You’ve mentioned in previous interviews that you love Harriet the Spy. Could you explain why it resonated with you, whether it was the book or the movie—or both?

They were both. I initially watched the movie and loved this brave, rebellious young girl who was insatiably curious and wanted to be a writer. I really connected with her. In the movie, I loved the jazz score, and in the book—because I had read it a little later, maybe around fourth grade—I connected with a quote from Ole Golly that says something about living the way that’s best for you otherwise you will live like your family. Not that there’s anything wrong with living like your family, but it’s about finding what’s true for you. This is still something that rings true to me as an adult.

I re-read the book a few years ago and started doing some research on the author, Louise Fitzhugh. I learned that she was a gay woman in the 1960s. Everything is connected. I was like, “Oh my God, Harriet was a weird baby who was questioning and finding what worked for her.” It was such an empowering moment and I felt so seen, even though I didn’t come into my weirdness until I moved to the city and when I grew closer to myself as an adult. I was always this baby weirdo who ran around spying on my cousins ​​and neighbors in my Rez and writing down everything I saw, accidentally revealing some secrets when people dived into my journal.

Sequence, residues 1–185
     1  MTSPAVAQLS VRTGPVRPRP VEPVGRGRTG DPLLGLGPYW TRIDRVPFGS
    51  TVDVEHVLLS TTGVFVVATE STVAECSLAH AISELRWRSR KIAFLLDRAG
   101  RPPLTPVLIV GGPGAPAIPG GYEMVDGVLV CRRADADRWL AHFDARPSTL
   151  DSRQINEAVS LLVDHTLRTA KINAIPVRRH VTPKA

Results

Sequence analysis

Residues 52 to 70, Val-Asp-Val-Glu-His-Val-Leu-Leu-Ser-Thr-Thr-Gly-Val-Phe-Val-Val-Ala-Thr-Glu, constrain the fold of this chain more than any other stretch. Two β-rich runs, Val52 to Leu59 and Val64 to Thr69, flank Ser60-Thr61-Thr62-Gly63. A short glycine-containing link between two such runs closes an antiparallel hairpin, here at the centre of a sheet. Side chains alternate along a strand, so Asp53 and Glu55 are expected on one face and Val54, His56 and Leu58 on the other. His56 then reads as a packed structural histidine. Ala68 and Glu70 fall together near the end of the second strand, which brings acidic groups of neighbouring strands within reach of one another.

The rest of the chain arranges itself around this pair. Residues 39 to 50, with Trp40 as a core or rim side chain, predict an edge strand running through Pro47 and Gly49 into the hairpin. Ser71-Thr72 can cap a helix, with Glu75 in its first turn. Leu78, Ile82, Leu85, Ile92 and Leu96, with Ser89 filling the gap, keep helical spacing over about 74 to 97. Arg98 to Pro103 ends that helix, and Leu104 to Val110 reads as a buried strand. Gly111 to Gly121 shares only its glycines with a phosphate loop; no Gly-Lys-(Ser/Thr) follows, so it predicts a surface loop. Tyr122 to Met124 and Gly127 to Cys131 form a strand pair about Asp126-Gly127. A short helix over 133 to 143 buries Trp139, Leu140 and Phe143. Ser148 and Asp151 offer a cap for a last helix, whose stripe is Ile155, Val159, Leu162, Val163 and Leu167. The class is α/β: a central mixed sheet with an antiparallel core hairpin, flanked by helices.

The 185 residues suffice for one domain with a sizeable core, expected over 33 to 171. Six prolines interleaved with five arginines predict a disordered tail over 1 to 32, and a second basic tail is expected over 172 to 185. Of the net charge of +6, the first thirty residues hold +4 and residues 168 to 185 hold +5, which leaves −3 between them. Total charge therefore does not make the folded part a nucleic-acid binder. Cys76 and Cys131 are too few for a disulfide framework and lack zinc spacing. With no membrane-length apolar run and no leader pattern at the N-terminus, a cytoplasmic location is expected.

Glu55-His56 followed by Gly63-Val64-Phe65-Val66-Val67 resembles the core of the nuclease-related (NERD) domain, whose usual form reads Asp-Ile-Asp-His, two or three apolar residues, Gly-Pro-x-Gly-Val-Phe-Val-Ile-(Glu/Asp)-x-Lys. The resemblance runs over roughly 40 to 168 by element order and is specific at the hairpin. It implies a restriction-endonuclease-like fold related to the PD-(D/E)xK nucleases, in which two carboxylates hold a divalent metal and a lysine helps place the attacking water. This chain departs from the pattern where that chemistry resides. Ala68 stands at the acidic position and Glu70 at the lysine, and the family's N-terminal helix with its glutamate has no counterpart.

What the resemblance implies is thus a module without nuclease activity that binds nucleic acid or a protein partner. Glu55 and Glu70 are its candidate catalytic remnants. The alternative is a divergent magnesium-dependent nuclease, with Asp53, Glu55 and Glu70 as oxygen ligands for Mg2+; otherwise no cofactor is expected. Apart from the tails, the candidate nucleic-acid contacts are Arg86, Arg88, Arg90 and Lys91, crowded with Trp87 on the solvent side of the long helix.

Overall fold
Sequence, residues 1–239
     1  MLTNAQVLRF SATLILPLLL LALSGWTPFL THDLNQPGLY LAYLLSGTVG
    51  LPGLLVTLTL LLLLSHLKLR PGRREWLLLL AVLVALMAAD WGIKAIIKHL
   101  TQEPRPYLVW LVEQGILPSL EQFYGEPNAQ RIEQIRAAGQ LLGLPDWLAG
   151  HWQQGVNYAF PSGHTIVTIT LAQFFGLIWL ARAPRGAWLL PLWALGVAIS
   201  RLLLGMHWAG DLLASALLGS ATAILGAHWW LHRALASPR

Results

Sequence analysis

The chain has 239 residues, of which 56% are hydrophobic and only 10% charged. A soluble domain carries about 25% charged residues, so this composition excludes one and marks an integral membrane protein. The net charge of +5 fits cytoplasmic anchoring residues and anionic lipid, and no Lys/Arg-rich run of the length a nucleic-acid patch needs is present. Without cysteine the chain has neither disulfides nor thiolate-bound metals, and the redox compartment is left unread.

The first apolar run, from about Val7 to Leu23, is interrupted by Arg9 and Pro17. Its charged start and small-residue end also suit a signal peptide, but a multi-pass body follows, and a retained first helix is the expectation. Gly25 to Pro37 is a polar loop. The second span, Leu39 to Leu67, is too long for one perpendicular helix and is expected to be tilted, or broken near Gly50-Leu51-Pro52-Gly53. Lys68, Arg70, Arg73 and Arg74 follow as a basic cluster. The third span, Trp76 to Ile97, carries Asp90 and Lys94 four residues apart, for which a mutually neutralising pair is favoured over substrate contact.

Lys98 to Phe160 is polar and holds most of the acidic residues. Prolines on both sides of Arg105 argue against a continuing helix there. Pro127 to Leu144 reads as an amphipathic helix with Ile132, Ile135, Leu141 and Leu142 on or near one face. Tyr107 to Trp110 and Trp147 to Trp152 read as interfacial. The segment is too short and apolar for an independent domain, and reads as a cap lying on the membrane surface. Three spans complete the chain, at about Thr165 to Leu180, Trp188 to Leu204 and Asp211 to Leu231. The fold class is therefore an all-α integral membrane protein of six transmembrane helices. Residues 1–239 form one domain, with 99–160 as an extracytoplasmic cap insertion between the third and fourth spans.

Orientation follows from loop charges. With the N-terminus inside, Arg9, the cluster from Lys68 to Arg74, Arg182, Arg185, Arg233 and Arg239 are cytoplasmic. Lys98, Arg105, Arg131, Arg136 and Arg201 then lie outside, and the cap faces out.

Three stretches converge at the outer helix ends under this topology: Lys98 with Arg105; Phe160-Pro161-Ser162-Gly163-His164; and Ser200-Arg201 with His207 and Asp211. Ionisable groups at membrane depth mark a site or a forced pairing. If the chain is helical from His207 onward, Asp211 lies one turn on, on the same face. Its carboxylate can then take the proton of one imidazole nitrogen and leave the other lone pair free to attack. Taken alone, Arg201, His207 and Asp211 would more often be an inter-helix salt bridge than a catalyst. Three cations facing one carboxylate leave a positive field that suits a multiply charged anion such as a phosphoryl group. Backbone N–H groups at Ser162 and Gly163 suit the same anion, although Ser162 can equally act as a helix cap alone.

You’ve shot Marvel’s Echo series in atlanta – what can we expect from this show?

I can’t say much, but I can say that I’m really excited to work with my colleagues. To work with such legends as Tantoo Cardinal and Graham Greene is simply an honor. One of the familiar faces I work with is Sidney Freeland. I worked with her Rutherford Falls and Reserved dogs. This is our third project together in a row, which was unexpected but I’m so happy about because Sydney is so great.

This interview has been edited and condensed for length and clarity.